Original Posting At http://gloria-deo.blogspot.com/2019/05/why-is-much-modern-art-so-bad.html
As I mentioned in a recent post, I’ve run across Brian Holdsworth recently, a web designer, graphic artist, and lay Roman Catholic apologist. I’ve really been enjoying his thought-provoking videos on various topics, which are his attempt to do his part to help renew Christian Civilization.
Here is one really insightful example:
I must hasten to add, as with all things, there are exceptions to this generalization – there are works and styles of modern art that are quite good (indeed, numerous different styles fall under the heading of ‘modern art’). But a great deal of modern art (contemporary abstract art in particular), and a great deal of modern architecture really is…ugly. And for that reason, is loathed by the masses of common men who have not taken college courses on appreciating modern art.
I believe the intuitive reaction is quite instructive: A ‘common man’ intuitively understands that a gothic cathedral is beautiful; the same with the ancient Greek Parthenon in Athens, or Leonardo’s Mona Lisa, or Michelangelo’s Pieta, or the Mayan Pyramids of the Yucatan, or the knot-work carvings of the ancient Scandinavians. No one needs to take a university class be taught to appreciate these things.
We all see immediately they simply are beautiful; in some small way they share in and communicate the reality of Heavenly Beauty and Harmony.
On the other hand, I have certainly had the experience of visiting a University Art School’s exhibition or (worse still) standing in a museum, looking at some crumpled up pieces of metal or some random smears of color across a white canvas, and said “Why is this considered art? I could have done that when I was 4…”
Maybe you’ve had that experience as well. Why is it that so much unintelligible rubbish passes for art among wealthy or well-educated elites?
I suspect part of the issue may indeed be elitism itself: ‘We who have taken courses on modern art are insiders, we get the reference, we are in on the joke, while the poor uneducated folks on Main Street just don’t get it.’
But despite the ridiculous prices that some of these works can fetch at auction, it seems to me that more people are waking up the fact that the emperor has no clothes.
|Cy Twombly’s “Untitled” sold for $46,437,500 in 2017.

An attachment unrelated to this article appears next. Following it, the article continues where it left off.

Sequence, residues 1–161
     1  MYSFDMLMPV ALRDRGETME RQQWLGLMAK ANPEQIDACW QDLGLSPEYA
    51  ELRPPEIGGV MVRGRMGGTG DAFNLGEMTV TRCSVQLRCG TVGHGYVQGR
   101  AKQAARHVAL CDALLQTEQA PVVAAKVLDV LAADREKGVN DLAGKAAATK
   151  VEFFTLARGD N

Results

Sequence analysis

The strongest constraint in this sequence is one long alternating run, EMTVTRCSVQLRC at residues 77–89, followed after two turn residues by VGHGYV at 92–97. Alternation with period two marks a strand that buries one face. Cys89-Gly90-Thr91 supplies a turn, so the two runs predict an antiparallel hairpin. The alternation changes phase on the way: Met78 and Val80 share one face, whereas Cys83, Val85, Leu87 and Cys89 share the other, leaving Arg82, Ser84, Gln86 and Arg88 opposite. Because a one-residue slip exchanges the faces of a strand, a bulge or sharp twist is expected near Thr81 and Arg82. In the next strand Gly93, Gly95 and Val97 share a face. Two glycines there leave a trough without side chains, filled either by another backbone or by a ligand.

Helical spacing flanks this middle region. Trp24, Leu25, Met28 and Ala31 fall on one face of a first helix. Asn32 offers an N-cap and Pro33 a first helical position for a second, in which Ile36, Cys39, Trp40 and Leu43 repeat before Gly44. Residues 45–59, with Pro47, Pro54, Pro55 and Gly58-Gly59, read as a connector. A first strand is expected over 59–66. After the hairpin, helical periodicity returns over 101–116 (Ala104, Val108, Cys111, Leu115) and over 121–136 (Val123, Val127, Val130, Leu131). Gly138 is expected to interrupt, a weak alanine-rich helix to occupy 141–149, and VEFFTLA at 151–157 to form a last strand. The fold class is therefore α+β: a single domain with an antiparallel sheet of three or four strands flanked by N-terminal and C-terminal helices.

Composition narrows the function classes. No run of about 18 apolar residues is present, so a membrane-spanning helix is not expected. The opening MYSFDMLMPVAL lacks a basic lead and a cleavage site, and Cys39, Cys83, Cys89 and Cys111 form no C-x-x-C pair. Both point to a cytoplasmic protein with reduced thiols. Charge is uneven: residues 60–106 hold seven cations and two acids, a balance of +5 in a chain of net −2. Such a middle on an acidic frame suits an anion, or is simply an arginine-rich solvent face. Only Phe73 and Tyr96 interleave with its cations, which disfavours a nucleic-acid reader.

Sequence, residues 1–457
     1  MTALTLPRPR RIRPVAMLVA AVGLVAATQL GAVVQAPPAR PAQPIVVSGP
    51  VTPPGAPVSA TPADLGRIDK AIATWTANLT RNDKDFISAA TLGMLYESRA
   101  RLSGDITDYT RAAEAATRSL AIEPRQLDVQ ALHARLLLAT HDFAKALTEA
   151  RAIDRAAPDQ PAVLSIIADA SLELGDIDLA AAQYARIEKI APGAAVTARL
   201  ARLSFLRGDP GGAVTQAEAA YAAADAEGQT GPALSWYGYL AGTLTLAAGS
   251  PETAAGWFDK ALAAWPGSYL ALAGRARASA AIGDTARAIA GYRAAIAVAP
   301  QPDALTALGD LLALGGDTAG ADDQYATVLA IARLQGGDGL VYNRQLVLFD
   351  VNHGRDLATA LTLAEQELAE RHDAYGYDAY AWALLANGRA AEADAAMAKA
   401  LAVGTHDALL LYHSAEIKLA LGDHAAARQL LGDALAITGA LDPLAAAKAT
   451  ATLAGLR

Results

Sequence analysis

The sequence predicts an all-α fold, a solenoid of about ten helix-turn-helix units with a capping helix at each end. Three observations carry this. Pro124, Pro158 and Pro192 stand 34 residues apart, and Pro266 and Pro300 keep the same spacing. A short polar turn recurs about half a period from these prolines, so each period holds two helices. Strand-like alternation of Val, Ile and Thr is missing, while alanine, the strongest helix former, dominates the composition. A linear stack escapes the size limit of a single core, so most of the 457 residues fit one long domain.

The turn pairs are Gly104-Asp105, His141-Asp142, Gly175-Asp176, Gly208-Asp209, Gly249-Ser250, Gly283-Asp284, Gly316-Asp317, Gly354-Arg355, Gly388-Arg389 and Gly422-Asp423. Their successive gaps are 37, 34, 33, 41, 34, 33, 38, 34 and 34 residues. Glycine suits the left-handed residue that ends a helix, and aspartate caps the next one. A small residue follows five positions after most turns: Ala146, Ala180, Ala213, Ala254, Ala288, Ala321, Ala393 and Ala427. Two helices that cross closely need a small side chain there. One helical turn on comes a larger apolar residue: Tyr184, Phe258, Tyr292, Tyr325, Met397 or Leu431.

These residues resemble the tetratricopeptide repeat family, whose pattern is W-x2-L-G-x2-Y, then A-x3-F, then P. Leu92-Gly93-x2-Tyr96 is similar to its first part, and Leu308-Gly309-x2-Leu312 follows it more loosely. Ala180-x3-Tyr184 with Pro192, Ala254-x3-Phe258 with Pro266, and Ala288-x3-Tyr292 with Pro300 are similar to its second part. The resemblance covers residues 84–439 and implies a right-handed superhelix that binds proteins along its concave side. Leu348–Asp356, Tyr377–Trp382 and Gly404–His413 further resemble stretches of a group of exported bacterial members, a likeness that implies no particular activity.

It was created by putting a brush on the end of a pole.
I think Holdsworth, in his video above, puts his finger on the core of the issue: there was a shift in our culture from Artist as expressing praise to the glory of God, or even praise to the nation, or even celebrating another human being, to the Artist as practicing self-expression. In many (obviously, not all) cases, art has gone from looking out at the world and celebrating something ‘other than me/bigger than me’ to a kind of navel gazing.
But then the question has to be raised, why is this artist’s self-expression so exceptionally valuable? If there is no objective artistic excellence in the work itself, then why should I pay money to go see this work in a museum or to buy it to hang in my home? After all, I am every bit as much a ‘self’ as the artist, and I am more than capable of crumbling up my own tin-foil if that is what I feel like doing to express my own angst or whatever…and it is much cheaper than paying for the expression of some other person I’ll never meet.
On the other hand, the more public nature of the classic understanding of what art is all about (not only my own expression, but also celebrating real objective beauty) necessarily puts an emphasis on excellence, which gives such art wider appeal. The result is that Michelangelo has produced something that I most emphatically could not have done myself – there is a wonder to the fact that another human being created this kind of excellence.
I’ve heard glad rumors of a renewed interest in representational painting in European schools in recent years, and I expect time and the changing of generations will sift out the more bizarre forms of modernist self-expression. I also expect quite a few cities will in decades to come begin to wonder how they might be able to remove the huge pillars of polished twisting metal from in front of their otherwise beautiful courthouses. But people will still travel across the world to crowd shoulder to shoulder in the Sistine Chapel and behold timeless art, and that is a hopeful sign.